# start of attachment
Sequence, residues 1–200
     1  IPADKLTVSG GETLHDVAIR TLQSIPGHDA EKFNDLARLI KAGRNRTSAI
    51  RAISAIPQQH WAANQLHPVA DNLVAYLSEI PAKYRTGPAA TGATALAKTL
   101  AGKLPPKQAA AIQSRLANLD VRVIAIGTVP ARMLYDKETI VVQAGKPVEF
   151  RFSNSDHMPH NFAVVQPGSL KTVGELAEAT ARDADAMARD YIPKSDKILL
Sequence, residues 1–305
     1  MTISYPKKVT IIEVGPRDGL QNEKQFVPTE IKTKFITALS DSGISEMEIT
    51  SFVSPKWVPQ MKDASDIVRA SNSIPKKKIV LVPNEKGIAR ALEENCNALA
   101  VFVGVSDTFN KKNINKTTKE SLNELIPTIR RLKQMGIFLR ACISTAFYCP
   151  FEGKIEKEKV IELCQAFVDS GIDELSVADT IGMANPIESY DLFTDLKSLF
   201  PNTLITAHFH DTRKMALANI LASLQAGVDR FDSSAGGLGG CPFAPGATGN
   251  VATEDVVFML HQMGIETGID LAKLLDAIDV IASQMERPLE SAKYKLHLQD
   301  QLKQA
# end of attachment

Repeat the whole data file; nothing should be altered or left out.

Sequence, residues 1–200
     1  IPADKLTVSG GETLHDVAIR TLQSIPGHDA EKFNDLARLI KAGRNRTSAI
    51  RAISAIPQQH WAANQLHPVA DNLVAYLSEI PAKYRTGPAA TGATALAKTL
   101  AGKLPPKQAA AIQSRLANLD VRVIAIGTVP ARMLYDKETI VVQAGKPVEF
   151  RFSNSDHMPH NFAVVQPGSL KTVGELAEAT ARDADAMARD YIPKSDKILL
Sequence, residues 1–305
     1  MTISYPKKVT IIEVGPRDGL QNEKQFVPTE IKTKFITALS DSGISEMEIT
    51  SFVSPKWVPQ MKDASDIVRA SNSIPKKKIV LVPNEKGIAR ALEENCNALA
   101  VFVGVSDTFN KKNINKTTKE SLNELIPTIR RLKQMGIFLR ACISTAFYCP
   151  FEGKIEKEKV IELCQAFVDS GIDELSVADT IGMANPIESY DLFTDLKSLF
   201  PNTLITAHFH DTRKMALANI LASLQAGVDR FDSSAGGLGG CPFAPGATGN
   251  VATEDVVFML HQMGIETGID LAKLLDAIDV IASQMERPLE SAKYKLHLQD
   301  QLKQA